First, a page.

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22-pcurve - Labor Market and the Phillips Curve Lecture...

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macroS2010 Lec22-page 1 http://www.arts.cornell.edu/econ/wissink/econ102jpw/ Labor Market and the Phillips Curve Lecture 22-PREVIEW Dr. Jennifer P. Wissink ©2009 Jennifer P. Wissink, all rights reserved. April 14, 2009
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macroS2010 Lec22-page 3 http://www.arts.cornell.edu/econ/wissink/econ102jpw/ Inflation and the Labor Market: Recall… The unemployment rate is the ratio of the number of people unemployed to the total number of people in the labor force. Cyclical unemployment is the increase in unemployment that occurs during recessions and depressions. Frictional unemployment is the portion of unemployment that is due to the normal working of the labor market; used to denote short-run job/skill matching problems. Structural unemployment is the portion of unemployment that is due to changes in the structure of the economy that result in a significant loss of jobs in certain industries.
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macroS2010 Lec22-page 4 http://www.arts.cornell.edu/econ/wissink/econ102jpw/ The Classical View of the Labor Market According to classical economists, the quantity of labor demanded and supplied are brought into equilibrium by rising and falling wage rates. There should be no persistent unemployment above the frictional and structural amount.
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macroS2010 Lec22-page 5 http://www.arts.cornell.edu/econ/wissink/econ102jpw/ The labor demand curve, D, illustrates the amount of labor that firms want to employ at each given wage rate. The labor supply curve, S, illustrates the amount of labor that households want to supply at each given wage rate. The Classical View of the Labor Market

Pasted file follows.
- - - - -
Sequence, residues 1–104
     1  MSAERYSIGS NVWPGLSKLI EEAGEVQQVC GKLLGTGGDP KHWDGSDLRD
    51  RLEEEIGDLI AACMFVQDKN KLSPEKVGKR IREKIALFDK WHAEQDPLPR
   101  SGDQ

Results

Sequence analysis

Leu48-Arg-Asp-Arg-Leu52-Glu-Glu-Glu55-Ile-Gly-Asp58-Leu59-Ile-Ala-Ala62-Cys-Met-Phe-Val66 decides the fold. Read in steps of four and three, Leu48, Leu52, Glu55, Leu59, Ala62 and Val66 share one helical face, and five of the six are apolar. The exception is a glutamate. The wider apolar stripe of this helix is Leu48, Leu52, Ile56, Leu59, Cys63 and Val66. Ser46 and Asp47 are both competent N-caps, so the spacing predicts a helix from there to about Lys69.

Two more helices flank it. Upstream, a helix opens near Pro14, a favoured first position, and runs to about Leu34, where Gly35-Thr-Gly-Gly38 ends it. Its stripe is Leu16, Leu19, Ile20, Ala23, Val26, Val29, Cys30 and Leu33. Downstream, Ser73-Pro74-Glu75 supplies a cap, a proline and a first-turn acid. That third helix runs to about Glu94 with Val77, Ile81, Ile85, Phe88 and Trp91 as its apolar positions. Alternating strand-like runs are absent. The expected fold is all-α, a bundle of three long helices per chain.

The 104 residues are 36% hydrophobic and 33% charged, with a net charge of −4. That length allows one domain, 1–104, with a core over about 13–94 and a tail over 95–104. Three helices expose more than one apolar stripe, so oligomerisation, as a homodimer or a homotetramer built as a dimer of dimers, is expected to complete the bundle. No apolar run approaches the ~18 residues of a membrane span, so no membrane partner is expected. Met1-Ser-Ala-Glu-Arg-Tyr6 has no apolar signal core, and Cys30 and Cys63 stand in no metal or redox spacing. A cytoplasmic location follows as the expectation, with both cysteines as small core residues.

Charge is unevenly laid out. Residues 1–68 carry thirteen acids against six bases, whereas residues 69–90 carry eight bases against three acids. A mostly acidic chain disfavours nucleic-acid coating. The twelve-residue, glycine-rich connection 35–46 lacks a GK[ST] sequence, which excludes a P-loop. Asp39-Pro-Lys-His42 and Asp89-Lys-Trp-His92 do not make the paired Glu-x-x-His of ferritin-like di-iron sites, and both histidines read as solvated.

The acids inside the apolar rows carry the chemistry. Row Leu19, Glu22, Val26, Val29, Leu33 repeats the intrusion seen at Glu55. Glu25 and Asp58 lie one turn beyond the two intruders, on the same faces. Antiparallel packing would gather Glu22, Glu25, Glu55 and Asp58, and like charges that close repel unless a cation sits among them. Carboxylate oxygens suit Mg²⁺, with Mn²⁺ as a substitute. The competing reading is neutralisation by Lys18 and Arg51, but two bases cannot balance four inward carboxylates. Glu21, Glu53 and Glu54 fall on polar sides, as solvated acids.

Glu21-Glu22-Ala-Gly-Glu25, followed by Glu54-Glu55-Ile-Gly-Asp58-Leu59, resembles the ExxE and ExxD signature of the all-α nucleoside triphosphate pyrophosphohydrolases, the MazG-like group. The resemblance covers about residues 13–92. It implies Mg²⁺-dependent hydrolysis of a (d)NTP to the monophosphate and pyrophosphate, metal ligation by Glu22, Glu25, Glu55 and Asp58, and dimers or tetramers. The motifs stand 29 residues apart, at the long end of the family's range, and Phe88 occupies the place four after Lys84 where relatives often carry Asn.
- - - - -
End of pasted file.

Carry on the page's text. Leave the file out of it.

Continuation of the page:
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macroS2010 Lec22-page 6 http://www.arts.cornell.edu/econ/wissink/econ102jpw/ Classical economists believe that the labor market always clears. If labor demand decreases, the equilibrium wage will fall. Anyone who wants a job at W 1 will have one. There is always full employment in this sense. The Classical View of the Labor Market
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macroS2010 Lec22-page 7 http://www.arts.cornell.edu/econ/wissink/econ102jpw/ The Classical Labor Market and the Aggregate Supply Curve The classical idea that wages adjust to clear the labor market is consistent with the view that wages respond quickly to price changes. This means that the AS curve is vertical. When the AS curve is vertical, monetary and fiscal policy cannot affect the level of output and employment in the economy.
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macroS2010 Lec22-page 8 http://www.arts.cornell.edu/econ/wissink/econ102jpw/ The Unemployment Rate and the Classical View So why is there unemployment then? Some feel: The unemployment rate is not necessarily an accurate indicator of whether the labor market is working properly. The unemployment rate may sometimes seem high even though the labor market is working well.
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